Reid Sawyer, senior vice president of the credit, political, and security risk practice at JLT, told Insurance Business that it is important for all staff in an organisation to fully appreciate the risks they face.
“The human is the weakest link in this chain,” Sawyer said. “By culture of security I don’t just mean what is the patch and what is the password, I mean how do we get people to understand that they are stakeholders in the value of that company and they have a responsibility to protect that organisation’s value?”
Sawyer said that brokers have an important part to play in helping clients understand cyber risk in more ways than simply advising on the technical aspects of a policy.
“It is educating them [clients] as to what the product can do on the emergent risk but linking this to the broader risk profile of the organisation. In that sense, brokers then serve as strategic risk advisors, which is a function we should be serving if we are doing the right thing by our clients,” Sawyer continued.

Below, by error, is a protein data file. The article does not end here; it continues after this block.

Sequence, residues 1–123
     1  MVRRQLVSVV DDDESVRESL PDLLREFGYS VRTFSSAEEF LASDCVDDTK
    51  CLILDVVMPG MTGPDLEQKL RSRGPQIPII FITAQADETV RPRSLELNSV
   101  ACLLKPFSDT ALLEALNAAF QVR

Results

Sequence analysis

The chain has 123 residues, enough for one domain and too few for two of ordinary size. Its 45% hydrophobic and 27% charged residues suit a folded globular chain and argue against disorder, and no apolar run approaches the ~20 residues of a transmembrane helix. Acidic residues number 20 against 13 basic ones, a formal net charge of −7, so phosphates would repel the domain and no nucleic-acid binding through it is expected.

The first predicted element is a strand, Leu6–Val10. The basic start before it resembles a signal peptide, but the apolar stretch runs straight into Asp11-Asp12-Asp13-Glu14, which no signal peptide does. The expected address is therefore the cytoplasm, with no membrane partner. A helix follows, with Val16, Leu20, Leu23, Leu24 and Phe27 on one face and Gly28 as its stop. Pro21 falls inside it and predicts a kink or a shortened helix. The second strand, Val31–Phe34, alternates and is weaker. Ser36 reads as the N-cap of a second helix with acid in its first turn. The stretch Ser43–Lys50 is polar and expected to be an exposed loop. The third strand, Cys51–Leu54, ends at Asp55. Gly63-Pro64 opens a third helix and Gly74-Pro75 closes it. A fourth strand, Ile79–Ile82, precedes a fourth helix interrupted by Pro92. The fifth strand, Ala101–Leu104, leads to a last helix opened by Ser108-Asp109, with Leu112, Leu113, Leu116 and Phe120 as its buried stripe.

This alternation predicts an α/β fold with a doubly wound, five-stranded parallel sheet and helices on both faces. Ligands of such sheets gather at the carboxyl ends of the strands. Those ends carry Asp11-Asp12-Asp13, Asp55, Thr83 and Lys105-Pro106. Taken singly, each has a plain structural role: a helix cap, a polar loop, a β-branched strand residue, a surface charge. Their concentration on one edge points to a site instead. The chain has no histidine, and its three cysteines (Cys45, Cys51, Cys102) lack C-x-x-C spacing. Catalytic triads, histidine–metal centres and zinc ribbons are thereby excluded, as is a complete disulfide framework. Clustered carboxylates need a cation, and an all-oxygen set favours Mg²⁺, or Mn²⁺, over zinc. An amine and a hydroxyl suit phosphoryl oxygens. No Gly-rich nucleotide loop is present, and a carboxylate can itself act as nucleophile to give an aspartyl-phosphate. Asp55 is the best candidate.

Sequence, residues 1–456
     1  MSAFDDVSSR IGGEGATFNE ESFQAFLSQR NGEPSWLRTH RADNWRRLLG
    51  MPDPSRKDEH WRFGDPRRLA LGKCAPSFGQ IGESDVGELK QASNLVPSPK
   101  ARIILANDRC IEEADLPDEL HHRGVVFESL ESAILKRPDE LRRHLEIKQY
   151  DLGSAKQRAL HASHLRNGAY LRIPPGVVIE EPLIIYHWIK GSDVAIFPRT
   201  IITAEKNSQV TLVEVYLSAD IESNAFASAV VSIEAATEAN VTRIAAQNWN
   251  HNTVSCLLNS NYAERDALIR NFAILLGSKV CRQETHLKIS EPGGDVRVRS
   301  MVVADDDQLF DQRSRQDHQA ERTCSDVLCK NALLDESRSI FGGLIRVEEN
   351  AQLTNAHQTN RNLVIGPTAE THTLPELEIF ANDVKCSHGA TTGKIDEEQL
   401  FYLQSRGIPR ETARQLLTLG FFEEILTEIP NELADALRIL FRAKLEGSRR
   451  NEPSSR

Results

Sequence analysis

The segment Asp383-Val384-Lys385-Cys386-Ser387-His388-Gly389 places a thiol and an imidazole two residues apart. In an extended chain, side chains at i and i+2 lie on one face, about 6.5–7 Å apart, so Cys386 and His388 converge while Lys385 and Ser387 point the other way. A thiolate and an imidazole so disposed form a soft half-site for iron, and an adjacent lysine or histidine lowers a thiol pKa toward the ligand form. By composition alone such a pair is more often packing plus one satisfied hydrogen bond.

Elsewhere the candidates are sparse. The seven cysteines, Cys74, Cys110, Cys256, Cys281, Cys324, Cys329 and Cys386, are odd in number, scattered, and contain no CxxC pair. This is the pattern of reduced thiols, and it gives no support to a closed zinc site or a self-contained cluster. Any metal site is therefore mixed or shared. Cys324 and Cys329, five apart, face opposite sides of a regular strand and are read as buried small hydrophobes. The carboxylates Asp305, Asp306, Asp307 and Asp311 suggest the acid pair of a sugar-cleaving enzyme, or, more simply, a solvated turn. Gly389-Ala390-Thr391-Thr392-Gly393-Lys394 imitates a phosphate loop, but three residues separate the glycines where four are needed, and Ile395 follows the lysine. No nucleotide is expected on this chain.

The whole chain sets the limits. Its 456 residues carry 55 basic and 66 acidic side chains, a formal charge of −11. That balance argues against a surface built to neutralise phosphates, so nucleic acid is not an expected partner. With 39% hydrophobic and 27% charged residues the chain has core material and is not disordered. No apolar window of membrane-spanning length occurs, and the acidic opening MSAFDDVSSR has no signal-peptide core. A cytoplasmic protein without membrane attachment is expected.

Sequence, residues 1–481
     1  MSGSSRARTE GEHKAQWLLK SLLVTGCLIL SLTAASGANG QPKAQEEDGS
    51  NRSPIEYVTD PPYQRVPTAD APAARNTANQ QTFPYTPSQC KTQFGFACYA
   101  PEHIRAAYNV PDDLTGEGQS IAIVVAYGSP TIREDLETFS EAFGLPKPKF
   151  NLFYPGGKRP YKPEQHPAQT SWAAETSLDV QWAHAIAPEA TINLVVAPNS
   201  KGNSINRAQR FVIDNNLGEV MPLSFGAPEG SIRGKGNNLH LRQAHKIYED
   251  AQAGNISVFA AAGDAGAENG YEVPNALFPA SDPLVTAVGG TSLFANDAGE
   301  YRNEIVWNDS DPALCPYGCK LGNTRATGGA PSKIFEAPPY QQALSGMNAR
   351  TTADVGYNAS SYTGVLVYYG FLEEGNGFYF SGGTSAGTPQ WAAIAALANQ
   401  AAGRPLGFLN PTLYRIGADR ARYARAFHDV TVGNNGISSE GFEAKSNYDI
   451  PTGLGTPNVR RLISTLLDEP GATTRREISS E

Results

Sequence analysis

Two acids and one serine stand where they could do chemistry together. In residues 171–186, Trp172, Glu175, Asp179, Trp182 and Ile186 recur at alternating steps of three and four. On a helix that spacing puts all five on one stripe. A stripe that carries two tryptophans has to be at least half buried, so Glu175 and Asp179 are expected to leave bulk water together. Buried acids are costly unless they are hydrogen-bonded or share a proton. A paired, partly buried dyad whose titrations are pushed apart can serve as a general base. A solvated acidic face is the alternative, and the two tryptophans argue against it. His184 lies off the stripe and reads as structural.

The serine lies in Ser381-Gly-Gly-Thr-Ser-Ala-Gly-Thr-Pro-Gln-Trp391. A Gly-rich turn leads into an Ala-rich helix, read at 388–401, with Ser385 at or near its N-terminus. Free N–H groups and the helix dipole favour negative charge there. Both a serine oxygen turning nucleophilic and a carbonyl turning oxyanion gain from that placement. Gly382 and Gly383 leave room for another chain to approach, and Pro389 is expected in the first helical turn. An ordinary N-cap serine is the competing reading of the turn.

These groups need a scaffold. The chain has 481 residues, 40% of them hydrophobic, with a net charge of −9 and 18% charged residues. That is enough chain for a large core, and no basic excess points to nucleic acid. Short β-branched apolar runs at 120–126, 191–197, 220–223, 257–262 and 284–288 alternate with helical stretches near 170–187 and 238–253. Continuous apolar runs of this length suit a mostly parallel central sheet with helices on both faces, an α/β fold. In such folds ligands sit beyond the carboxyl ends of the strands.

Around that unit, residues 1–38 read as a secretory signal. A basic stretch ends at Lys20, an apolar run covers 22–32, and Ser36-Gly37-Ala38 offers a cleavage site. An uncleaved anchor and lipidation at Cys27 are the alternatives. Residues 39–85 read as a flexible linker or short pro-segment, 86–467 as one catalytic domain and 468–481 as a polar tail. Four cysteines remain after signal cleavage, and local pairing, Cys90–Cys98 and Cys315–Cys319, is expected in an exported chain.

Brokers should look to ensure that clients understand their cyber risk “in business terms,” Sawyer said.
“[That] lets you compare costs versus volatility,” Sawyer continued. “You want to achieve and model this in the right way so that your risk transfer is efficient.”
With such a key role to play in the development and take-up of cyber insurance, Sawyer said that by working closely with clients brokers will not only be able to help mitigate risks through understanding and education, but help get clients back on their feet quicker should the worst happen.
“Insurance…is thought of as an aftereffect but I think that is actually backwards,” he concluded.
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Culture is a vital element in addressing cyber risk, an expert has said, with brokers playing an integral role in ensuring clients understand their risk.